The South African Railways (now called Transnet) in partnership with Western Electric company, assisted by wireless amateurs and local musicians organized a series of broadcast to raise funds for the Empire exhibition. Being involved in the first official broadcast in the country was a way of demonstrating power for the South African Railways. For Western Electric it was a marketing exercise, to display their new mobile-broadcasting paraphernalia. They provided the 1 Kilowatts medium frequency transmitter.
The broadcast was aired to a large outdoor audience at Cape Town station, and a loudspeaker system was installed outside the station in Johannesburg. Those few who were already fiddling with radio sets in their homes could also tune-in. Tuning-in four miles from the station one listener found the experience “very favourable” in relation to London broadcasting he had once heard. There were mistakes made. A musician had to be told to “sh-sh!”, s/he had interrupted General Smuts’ first speech on radio. But can you blame the musician? Who knew how to behave on radio back in 1923? Aside from the glitch, every word of Smut’s high-pitched, squeaky voice was heard on two pairs of Brown’s 8000 ohm headphones, which speaks well of such a set.
News reporters in Johannesburg whinged the next day about the poor sound quality of the loudspeaker system at the station. They could not hear Smut’s speech very well, lightning from an approaching thunderstorm had caused interference. It was an oversight for which engineers could be excused for the first broadcast. But from then on violent thunderstorms (a unique feature of summer in the Highveld) had to always be kept in mind. Radio had to respond differently in South Africa. As a result, once fully-fledged, radio systems came standard with an earthing system. Early broadcasters would frequently end with the injunction: “Don’t forget to earth your Aerial”.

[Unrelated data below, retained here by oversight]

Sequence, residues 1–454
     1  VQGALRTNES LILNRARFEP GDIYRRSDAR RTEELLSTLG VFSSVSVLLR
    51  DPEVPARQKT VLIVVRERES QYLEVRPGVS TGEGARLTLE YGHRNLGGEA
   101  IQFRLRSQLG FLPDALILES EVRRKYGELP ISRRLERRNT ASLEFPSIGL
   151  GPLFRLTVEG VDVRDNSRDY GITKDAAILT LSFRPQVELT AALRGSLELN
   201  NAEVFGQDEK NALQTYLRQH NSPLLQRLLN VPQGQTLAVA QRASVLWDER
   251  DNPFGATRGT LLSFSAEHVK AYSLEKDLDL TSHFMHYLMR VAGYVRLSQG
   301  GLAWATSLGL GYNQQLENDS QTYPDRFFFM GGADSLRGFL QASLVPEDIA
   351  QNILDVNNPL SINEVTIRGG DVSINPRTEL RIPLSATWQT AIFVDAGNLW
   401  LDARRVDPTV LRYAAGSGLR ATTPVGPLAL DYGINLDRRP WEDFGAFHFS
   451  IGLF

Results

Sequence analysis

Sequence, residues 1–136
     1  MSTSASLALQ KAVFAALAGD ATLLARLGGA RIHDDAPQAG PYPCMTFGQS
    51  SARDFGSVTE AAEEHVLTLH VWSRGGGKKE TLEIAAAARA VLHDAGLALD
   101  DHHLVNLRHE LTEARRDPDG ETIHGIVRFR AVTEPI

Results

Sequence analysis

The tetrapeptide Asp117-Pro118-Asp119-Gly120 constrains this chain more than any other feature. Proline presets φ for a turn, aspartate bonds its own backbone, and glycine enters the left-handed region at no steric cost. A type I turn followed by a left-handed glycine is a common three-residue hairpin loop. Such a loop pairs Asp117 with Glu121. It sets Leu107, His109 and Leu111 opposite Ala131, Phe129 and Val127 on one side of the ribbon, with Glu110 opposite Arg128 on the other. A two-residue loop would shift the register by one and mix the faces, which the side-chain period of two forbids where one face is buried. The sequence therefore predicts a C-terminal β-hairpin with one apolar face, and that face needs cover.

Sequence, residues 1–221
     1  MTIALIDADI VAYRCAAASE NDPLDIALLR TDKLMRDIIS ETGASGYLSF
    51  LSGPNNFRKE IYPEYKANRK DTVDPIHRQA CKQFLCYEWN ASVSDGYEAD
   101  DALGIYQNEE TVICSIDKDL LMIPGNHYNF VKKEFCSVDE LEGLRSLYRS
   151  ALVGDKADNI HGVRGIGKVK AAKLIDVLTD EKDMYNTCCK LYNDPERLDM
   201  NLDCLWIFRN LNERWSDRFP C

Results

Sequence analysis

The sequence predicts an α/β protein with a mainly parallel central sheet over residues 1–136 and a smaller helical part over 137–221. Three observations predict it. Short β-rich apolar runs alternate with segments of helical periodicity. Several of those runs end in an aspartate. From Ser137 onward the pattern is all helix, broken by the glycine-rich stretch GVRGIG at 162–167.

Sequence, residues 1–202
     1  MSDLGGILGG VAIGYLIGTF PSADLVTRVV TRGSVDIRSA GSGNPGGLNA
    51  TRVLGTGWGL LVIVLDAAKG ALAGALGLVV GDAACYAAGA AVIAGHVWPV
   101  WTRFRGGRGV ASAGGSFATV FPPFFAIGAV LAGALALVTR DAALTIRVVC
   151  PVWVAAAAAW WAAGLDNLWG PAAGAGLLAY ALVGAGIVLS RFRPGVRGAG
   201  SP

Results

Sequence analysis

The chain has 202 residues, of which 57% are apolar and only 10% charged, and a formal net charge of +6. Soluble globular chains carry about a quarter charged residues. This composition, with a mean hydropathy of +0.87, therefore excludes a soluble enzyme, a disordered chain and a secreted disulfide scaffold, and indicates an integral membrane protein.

That was an instant where the global technology of radio could not simply be implemented, but had to take in consideration unique geographic conditions of the country. I believe there are many unique conditions even today that need careful thinking (including cultural and social concerns) in order to unlock true value out of technological innovations.
The foresight of thinking men and women who follow the calling of the sons of Issachar, who will pursue knowledge and understanding is needed here.
Now is the time to cultivate a spirit of inquiry amongst ourselves, through rigorous study and endless debate. God’s word is to guide us through the chaos. He who spoke long ago, is able to speak even today. Shall we wait until its too late?
 1 Chronicles 12: 32. The Lord granted them an anointing to understand the prophetic timing for when He would tear the kingdom of Israel away from rebellious Saul and give it over to his servant David (1 Sam. 15:22-28).
 Balsamo, Anne (2011). Designing Culture: The Technological Imagination at Work.
 One writer relates the time when formal schooling was becoming more common in Germany in the 1800s, how suddenly “children learned to read silently to one’s self”. Here arose a change in habit, created not so much by organic need than by social/political realignment fitting to the demands of growing industrialization.
 Proverbs 1: 28-29 “Then they will call on me, but I will not answer; They will seek me diligently, but they will not find me. Because they hated knowledge And did not choose the fear of the Lord,”